While the goal of a Ponzi scheme is to make the operator rich, the goal of Social Security is to ensure a safety net for all current and future generations.
The problems with a pay-as-you-go-system
Although most government-run pay-as-you-go programs have a noble goal, this does not mean they are perfect. The concept definitely has some flaws.
Ida May Fuller is the answer to a trivia question, and a pretty lucky lady. She was the first person to cash a social security check. Ida May had paid into the new system for three years. When she received her second check, she had received more in benefits than she had paid into the system. Ms. Fuller lived to be 100 years old, collecting nearly $23,000 in benefits. Not a bad deal, since she had paid in less than $25. (That’s not a typo. It’s not $2500 or even $250 – she paid in a Jackson and Lincoln).
Ida May wasn’t alone. The earliest recipients of the program earned substantially more in benefits than they paid into the system.
In the early stages of a pay-as-you-go system, the government is in a bit of a pickle. The government had to decide whether to pay the early recipients a fair benefit based on what the participants had paid in, or a reasonable benefit based on the intent of the program (to provide financial security in retirement). The U.S. government chose the second option. This meant that future generations would be subsidizing these early payments.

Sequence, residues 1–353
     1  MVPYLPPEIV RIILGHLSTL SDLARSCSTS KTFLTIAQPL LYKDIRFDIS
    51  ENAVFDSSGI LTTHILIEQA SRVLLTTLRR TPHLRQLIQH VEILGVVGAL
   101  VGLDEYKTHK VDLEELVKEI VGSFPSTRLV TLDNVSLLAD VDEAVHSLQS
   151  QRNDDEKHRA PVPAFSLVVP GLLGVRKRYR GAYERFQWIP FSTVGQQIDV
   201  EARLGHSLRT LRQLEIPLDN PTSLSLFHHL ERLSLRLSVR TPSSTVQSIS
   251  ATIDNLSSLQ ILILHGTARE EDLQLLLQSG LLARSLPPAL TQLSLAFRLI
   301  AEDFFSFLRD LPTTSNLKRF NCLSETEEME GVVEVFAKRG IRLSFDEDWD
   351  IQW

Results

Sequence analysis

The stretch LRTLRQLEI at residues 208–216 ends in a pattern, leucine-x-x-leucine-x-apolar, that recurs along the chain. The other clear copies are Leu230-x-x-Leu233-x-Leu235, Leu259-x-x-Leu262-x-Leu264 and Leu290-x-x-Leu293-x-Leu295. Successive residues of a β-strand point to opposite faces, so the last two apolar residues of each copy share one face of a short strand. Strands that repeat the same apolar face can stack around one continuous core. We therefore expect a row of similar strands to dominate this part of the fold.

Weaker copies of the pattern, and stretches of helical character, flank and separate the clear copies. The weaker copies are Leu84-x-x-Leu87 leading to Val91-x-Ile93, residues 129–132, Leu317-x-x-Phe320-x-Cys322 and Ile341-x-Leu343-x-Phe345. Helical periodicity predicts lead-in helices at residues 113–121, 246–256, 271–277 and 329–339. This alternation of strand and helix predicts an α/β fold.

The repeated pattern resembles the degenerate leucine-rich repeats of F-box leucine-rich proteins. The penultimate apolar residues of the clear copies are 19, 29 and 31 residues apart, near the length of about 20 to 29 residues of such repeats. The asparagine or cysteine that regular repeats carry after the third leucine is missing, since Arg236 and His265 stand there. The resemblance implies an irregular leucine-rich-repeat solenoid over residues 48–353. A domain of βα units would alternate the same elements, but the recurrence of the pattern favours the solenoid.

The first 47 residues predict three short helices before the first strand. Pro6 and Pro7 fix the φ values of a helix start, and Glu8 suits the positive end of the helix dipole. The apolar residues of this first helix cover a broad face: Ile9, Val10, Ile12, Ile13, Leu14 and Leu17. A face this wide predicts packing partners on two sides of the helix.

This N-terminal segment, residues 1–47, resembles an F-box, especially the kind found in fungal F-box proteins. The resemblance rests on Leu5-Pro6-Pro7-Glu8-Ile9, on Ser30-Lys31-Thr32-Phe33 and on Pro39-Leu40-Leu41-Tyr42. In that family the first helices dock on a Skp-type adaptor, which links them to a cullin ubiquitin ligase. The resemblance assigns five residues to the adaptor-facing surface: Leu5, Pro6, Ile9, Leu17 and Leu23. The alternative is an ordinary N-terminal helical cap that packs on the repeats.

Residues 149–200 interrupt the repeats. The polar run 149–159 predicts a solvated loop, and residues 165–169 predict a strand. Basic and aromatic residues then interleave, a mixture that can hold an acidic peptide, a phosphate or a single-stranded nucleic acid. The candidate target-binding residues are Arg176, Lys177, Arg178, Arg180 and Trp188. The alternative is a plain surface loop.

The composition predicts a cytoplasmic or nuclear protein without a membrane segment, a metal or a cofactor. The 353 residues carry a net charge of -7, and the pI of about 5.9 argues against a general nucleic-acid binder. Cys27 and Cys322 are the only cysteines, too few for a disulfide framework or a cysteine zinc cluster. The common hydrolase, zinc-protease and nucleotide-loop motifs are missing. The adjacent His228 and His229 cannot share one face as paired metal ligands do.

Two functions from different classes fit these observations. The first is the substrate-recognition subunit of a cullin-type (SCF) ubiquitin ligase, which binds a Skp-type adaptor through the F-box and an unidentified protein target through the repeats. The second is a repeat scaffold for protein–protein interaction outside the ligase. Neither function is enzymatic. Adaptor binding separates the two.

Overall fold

Why did the government choose to subsidize the early recipients? Probably to encourage support of the new system. Friends and relatives of Ida May and her contemporaries could hear for themselves how great the Social Security system was. The flip side would have been to pay the early recipients a couple of dimes every month – which wouldn’t have generated nearly as much buzz for the new system.
Pay-as-you-go systems are also at risk of changing demographics. There are two main risks of Social Security: that the number of people paying into the system will decline, and that the number of people receiving benefits will increase. The decline in family size in recent decades has lead to a decline in the number of people paying into the system – but so has the phenomenon of early retirement. Even worse, the early retirees are going to be toward the top end of wage earners – those paying the most into the system.
As the baby boomers receive benefits, it’s going to be the smaller generations of workers behind them paying the bill. To exacerbate the problem, advances in medicine coupled with people paying more attention to their health means that people are living longer than ever. Instead of receiving benefits for ten years, someone might receive benefits for thirty!
In the third installment of the series, we'll look at what can be done to the Social Security system deal with the problems of a changing society.